What is a contusion?
A bruise (contusion) is a mark on your skin caused by blood trapped under the surface. It happens when an injury crushes small blood vessels but does not break the skin. Those vessels break open and leak blood under the skin. Bruises are often painful and swollen. You can get skin, muscle and bone bruises. Bone bruises are the most serious. It can take months for a bruise to fade, but most last about two weeks. They start off a reddish color, and then turn bluish-purple and greenish-yellow before returning to normal. To reduce bruising, ice the injured area and elevate it above your heart. See your healthcare provider if you seem to bruise for no reason, or if the bruise appears to be infected.
What is a strain?
A strain is a stretched or torn muscle or tendon. Tendons are tissues that connect muscle to bone. Twisting or pulling these tissues can cause a strain. Strains can happen suddenly or develop over time. Back and hamstring muscle strains are common. Many people get strains playing sports. Symptoms include pain, muscle spasms, swelling and trouble moving the muscle.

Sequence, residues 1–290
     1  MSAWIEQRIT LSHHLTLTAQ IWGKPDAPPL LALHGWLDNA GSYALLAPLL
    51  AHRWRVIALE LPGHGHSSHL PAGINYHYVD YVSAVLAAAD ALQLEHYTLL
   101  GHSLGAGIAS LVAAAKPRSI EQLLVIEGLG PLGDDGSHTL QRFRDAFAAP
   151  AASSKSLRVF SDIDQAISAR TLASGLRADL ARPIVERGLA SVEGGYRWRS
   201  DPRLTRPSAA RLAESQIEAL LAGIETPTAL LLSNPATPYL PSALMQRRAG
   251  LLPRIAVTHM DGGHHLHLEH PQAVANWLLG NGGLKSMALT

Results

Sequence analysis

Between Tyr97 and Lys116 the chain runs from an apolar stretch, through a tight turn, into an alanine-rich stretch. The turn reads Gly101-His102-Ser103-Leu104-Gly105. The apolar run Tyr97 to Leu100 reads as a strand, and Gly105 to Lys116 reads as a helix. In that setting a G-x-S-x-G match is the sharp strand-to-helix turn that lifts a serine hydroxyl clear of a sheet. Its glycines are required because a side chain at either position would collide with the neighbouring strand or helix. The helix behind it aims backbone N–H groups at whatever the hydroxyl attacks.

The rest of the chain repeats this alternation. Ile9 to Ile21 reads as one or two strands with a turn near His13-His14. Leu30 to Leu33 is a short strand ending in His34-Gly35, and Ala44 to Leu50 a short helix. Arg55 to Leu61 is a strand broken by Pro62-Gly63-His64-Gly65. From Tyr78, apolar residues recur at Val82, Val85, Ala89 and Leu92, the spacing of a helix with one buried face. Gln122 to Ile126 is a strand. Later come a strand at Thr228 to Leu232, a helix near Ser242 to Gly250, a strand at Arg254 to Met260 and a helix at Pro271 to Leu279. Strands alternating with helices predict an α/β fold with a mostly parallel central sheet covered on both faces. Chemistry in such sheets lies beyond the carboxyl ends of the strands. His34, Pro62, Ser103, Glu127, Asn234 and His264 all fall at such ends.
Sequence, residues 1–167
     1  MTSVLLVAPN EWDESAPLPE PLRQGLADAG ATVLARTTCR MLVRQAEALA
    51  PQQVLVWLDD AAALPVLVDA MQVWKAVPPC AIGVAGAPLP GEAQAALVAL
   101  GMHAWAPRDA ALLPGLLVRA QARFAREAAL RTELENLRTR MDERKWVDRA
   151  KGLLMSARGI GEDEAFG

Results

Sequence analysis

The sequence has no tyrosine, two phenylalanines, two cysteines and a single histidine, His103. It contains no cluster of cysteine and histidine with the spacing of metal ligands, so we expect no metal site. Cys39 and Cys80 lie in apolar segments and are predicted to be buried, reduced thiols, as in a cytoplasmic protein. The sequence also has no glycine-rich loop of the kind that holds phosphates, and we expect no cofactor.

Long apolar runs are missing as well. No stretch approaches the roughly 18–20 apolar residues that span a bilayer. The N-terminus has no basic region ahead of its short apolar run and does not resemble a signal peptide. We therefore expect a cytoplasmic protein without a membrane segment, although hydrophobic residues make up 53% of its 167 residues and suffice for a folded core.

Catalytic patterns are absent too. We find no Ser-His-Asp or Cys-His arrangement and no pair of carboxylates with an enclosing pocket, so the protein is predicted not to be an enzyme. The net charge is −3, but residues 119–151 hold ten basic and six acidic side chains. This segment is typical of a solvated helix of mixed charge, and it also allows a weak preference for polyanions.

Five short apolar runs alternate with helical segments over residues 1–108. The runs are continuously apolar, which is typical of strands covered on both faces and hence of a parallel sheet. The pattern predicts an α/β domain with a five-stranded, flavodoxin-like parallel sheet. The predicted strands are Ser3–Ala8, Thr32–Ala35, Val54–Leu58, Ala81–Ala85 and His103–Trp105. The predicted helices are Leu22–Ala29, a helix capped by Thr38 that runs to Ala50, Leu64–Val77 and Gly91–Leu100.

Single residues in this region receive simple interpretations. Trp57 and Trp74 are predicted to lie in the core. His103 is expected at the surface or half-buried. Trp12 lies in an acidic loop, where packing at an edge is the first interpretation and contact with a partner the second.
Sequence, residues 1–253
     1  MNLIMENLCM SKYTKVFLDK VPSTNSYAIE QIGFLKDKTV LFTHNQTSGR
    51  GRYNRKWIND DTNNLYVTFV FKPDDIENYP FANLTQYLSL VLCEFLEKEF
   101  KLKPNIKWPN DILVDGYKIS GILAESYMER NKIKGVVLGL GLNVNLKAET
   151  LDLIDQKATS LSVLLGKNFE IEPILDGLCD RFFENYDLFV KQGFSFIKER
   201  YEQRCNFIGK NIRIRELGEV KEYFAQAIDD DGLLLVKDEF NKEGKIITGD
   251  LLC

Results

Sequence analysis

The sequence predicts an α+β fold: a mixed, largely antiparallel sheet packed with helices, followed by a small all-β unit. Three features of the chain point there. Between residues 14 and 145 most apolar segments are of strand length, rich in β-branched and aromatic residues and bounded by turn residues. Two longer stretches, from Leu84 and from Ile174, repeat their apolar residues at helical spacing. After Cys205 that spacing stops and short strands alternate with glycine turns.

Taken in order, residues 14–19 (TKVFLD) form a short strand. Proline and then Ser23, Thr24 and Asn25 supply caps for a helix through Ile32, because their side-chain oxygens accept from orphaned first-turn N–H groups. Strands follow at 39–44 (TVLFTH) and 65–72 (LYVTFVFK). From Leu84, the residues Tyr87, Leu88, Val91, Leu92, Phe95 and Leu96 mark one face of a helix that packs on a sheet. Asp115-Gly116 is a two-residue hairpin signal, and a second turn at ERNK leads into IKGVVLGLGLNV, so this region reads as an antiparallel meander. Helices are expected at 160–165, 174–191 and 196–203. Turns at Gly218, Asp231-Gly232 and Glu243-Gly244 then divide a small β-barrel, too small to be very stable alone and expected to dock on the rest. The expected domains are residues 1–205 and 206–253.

What is a sprain?
A sprain is a stretched or torn ligament. Ligaments are tissues that connect bones at a joint. Falling, twisting, or getting hit can all cause a sprain. Ankle and wrist sprains are common. Symptoms include pain, swelling, bruising and being unable to move your joint. You might feel a pop or tear when the injury happens.
What is a fracture?
If more pressure is put on a bone than it can stand, it will split or break. A break of any size is called a fracture. If the broken bone punctures the skin, it is called an open fracture (compound fracture). A stress fracture is a hairline crack in the bone that develops because of repeated or prolonged forces against the bone.
United States Department of Health and Human Services